Comparative recruitment, morphology and reproduction of a generalist trematode, Dicrocoelium dendriticum, in three species of host.

Beck, M.A., Goater, C.P., and Colwell, D.D. (2015). "Comparative recruitment, morphology and reproduction of a generalist trematode, Dicrocoelium dendriticum, in three species of host.", Parasitology (FR). doi : 10.1017/S0031182015000621  Access to full text

Abstract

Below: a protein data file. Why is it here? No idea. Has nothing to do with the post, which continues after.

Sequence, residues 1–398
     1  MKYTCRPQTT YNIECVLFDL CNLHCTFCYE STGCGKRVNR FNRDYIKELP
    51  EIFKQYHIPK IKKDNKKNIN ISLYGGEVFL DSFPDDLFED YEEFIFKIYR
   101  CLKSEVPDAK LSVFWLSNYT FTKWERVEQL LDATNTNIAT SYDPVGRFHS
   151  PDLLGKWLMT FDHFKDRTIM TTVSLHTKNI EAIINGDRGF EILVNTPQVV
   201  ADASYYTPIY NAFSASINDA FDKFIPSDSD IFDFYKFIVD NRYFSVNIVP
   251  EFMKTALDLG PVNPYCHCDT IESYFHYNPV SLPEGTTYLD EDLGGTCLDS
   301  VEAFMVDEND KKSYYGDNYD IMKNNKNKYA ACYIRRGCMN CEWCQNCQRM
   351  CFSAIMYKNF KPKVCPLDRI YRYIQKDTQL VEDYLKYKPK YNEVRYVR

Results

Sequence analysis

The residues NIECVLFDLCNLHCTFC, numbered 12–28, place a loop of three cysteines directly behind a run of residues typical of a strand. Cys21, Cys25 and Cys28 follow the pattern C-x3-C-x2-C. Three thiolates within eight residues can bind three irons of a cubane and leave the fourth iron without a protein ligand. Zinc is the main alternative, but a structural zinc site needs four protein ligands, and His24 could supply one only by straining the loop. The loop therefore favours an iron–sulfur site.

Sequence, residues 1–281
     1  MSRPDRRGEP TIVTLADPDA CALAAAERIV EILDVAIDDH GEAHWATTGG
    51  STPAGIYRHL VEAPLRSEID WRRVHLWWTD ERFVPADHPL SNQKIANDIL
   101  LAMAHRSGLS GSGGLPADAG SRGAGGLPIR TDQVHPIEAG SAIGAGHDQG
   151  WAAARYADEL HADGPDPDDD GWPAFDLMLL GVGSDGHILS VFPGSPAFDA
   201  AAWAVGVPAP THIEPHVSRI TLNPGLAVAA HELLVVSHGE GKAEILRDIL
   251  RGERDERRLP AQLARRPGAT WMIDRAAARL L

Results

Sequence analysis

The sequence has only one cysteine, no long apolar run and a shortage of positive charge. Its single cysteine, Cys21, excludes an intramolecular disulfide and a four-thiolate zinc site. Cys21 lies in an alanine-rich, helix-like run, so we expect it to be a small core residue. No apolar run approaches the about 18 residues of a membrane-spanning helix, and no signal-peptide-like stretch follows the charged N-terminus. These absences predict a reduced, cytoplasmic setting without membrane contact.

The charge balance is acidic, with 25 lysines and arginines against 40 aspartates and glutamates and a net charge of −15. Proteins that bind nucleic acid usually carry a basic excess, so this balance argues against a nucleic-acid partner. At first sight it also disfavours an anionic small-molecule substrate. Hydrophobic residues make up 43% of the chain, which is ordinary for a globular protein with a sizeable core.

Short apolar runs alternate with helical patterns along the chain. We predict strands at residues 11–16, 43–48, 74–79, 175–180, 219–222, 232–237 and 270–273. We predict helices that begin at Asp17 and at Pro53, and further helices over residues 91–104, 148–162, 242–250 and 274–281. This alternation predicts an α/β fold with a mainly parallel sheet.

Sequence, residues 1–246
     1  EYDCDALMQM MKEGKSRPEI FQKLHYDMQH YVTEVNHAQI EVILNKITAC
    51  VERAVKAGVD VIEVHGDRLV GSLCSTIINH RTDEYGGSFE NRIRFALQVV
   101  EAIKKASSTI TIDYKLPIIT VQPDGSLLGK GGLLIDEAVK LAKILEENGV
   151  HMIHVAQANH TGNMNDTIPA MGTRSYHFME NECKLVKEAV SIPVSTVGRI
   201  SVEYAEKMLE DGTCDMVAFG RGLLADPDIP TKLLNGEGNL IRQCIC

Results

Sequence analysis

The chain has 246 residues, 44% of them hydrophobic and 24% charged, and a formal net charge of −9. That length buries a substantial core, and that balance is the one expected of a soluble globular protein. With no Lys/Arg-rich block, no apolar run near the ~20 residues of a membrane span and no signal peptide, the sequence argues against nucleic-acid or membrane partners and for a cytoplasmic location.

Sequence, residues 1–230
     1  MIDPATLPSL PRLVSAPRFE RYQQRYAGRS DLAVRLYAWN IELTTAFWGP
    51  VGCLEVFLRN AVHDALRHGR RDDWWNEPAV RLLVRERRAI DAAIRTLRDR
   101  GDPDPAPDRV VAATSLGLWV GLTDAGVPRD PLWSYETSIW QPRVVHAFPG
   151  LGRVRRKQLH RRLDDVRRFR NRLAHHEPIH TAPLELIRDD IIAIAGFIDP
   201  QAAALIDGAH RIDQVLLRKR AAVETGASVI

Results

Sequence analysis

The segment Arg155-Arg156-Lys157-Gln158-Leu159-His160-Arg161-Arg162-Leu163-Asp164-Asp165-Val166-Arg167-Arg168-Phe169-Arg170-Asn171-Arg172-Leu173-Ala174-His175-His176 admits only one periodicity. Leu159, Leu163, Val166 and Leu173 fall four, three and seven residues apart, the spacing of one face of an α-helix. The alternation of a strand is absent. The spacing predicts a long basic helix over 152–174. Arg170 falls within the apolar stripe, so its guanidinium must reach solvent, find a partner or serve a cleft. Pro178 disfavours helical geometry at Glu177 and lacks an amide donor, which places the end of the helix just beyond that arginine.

Epidemiological rate parameters of host generalist parasites are difficult to estimate, especially in cases where variation in parasite performance can be attributed to host species. Such cases are likely common for generalist parasites of sympatric grazing mammals. In this study, we combined data from experimental exposures in cattle and sheep and natural infections in elk to compare the recruitment, morphology and reproduction of adult Dicrocoelium dendriticum, a generalist trematode that has emerged in sympatric grazing hosts in Cypress Hills Provincial Park, Alberta. Overall, there were no significant differences in the recruitment of metacercariae and in the pre-patency period of adults in experimentally exposed cattle and sheep. All flukes reached reproductive maturity and the degree of reproductive inequality between individual flukes within each infrapopulation was moderate and approximately equal among the three host species. Neither fluke size nor per capita fecundity was constrained by density dependence. Thus, fitness parameters associated with growth and reproduction were approximately equivalent among at least three species of definitive host, two of which are sympatric on pastures in this Park. The generalist life-history strategy of this trematode, which is known to extend to other stages of its life cycle, has likely contributed to its invasion history outside its native range in Europe.

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